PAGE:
I’ve wondered, at times, whether it was my fault, in a way, that Mike would make those thoughtless comments and jokes. Whether I encouraged him to think that it wasn't necessary to consider my feelings – that I would always accept his view on things, and laugh along with him, no matter how inconsiderate his comments might be.
I try to explain this to Beate: that, far from Mike being scared of me, it was I who used to accept far too much from him.
"So when did that change, Selena?"
I don't even need to think about that, though I have never thought about it before: it’s obvious.
"When Chiara was born," I say, and Beate looks at me knowingly.
I feel really quite shocked at what I am suddenly seeing. Suddenly I’m looking at my relationship with Mike in a way that I have never seen it before, and at myself and how I have changed, and at how Mike has changed too, over time, from the carefree young grad student that he was at Berkeley to the, apparently, concerned father and ex-husband that he is now.
And later as I walk back through the park in the central area I am thinking: Wow. That is not what I was expecting.
In fact I’m not sure what I was expecting from this appointment with Beate; but I’m sure that I have more to think about than I had thought I would.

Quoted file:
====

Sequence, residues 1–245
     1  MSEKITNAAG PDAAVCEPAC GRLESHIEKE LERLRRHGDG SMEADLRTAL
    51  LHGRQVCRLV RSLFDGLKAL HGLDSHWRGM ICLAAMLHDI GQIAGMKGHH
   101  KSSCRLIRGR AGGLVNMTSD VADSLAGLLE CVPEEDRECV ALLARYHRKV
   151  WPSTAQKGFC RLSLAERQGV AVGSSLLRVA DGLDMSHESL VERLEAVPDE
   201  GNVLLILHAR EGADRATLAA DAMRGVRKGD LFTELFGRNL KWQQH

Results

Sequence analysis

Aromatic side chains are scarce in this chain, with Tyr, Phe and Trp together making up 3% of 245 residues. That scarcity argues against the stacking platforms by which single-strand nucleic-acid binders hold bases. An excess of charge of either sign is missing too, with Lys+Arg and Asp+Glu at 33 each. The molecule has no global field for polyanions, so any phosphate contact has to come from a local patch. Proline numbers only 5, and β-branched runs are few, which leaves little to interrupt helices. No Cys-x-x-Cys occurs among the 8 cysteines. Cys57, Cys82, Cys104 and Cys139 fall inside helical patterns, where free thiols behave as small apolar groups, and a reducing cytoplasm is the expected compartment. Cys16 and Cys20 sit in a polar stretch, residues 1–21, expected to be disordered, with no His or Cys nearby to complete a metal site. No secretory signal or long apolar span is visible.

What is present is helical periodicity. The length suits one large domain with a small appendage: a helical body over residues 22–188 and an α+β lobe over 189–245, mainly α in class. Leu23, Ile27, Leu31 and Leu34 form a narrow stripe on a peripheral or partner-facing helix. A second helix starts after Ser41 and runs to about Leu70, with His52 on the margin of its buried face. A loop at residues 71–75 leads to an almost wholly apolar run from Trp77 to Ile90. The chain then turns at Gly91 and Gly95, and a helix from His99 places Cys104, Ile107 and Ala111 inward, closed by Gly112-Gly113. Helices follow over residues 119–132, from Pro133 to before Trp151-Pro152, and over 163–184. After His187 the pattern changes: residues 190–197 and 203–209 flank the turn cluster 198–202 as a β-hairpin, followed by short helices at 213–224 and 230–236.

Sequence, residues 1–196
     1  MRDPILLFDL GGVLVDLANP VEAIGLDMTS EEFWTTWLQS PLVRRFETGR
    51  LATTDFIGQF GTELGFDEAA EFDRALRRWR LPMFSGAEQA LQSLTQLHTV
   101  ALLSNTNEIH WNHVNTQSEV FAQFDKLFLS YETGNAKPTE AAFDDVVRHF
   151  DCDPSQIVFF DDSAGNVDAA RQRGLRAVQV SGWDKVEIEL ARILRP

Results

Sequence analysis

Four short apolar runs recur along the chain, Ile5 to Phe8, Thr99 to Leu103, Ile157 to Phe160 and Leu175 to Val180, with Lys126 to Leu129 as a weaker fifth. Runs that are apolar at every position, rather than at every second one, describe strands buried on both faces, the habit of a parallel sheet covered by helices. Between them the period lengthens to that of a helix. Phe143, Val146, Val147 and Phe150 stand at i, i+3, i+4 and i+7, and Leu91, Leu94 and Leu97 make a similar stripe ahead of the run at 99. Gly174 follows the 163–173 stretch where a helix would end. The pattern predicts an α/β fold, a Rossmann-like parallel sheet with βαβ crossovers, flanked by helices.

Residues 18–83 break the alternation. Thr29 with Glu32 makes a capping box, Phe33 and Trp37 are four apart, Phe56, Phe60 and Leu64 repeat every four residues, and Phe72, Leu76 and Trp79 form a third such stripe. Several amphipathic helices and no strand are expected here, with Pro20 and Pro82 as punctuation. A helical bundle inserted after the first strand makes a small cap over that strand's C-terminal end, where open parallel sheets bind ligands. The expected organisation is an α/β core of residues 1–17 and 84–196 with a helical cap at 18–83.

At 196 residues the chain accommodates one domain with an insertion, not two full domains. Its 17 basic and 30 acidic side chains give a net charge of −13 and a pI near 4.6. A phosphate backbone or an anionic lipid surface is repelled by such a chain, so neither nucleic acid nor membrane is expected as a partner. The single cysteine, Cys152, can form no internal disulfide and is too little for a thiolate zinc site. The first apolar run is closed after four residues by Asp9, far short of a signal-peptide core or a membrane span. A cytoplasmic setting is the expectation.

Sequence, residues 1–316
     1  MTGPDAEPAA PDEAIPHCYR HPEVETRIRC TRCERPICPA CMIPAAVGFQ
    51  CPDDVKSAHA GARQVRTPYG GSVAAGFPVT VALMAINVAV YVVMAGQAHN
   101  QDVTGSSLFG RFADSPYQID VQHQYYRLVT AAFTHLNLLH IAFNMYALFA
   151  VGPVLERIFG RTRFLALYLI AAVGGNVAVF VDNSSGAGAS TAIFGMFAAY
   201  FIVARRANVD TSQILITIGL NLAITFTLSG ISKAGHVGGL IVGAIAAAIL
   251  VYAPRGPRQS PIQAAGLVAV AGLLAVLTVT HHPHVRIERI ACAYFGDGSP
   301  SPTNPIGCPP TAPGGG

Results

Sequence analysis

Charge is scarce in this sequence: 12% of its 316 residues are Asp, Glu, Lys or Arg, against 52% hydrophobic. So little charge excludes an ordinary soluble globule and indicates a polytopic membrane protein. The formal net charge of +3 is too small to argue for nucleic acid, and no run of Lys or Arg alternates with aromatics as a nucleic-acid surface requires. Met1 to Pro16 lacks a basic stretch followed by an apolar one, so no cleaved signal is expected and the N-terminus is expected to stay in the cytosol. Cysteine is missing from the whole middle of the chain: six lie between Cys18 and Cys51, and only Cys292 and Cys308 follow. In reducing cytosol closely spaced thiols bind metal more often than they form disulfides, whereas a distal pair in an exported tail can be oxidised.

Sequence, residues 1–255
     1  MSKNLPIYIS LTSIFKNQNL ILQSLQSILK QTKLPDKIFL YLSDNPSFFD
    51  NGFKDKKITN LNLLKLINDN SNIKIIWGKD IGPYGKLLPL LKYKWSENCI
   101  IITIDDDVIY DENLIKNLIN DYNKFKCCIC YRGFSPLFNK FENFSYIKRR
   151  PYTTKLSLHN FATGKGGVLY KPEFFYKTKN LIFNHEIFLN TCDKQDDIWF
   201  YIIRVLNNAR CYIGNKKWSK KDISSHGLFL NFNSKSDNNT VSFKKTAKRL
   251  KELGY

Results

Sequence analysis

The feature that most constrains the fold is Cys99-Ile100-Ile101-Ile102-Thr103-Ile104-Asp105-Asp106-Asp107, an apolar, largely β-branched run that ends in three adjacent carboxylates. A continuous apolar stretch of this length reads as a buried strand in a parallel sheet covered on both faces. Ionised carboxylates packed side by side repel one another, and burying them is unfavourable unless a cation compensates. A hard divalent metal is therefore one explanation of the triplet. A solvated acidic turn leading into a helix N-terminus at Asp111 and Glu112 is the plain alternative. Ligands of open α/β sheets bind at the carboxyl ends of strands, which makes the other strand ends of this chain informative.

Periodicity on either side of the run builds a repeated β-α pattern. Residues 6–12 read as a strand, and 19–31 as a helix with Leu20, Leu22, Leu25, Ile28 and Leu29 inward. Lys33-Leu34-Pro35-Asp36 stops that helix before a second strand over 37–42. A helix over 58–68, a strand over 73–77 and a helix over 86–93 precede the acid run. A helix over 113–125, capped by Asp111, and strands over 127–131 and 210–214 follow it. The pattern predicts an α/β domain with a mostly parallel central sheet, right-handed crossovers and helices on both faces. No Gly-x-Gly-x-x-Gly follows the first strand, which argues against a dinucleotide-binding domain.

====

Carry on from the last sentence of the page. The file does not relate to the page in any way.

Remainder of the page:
I sit down on a secluded bench to gather my thoughts before going to pick Chiara up again and immersing myself in my hectic routine once more.
Have I turned into some kind of she-bear, defending my cub and asserting my prerogative with an imperious paw?
Is this what was going on as Mike and I were growing apart?
At a later stage during that session just now, Beate asked me why we never had a second child after Chiara was born. "You are able to have another child?" Indeed, yes, I am. There were complications, involving a cyst, which made my third trimester utterly miserable, but there were no lasting effects, and if anything the experience made me determined not to be defeated by anything that my body threw at me. The cyst is now gone.
Once Chiara arrived, I was at once so exhausted by all that pain, and so enthralled and enchanted by my magical little darling, that becoming pregnant again was the last thing on my mind. Then I went back to work and had to deal with half-days at the office as well as my baby; and Chiara has always been very alert and interested, from birth, really, and consequently she has always been quite demanding in terms of the time I need to devote to her. Finally, by the time both she and I were settled in the routine that we have now, of work, nursery and afternoons together, the atmosphere between Mike and me was no longer one that made me want to give him another child.
So Chiara is an only child. I hope she won’t lose out as a result.
I’m beginning to take my surroundings in again as I sit on that bench. Birdsong, that really is what is missing in this park. And squirrels. And people walking their dogs.
I stand up and start to walk again. Over on the other side of the central area I can see that the playground is filling up with children, but my route doesn’t take me that way. I turn down a main corridor and walk on down to where Paula lives and where I expect a cup of tea and a bit of a chat before I take Chiara home.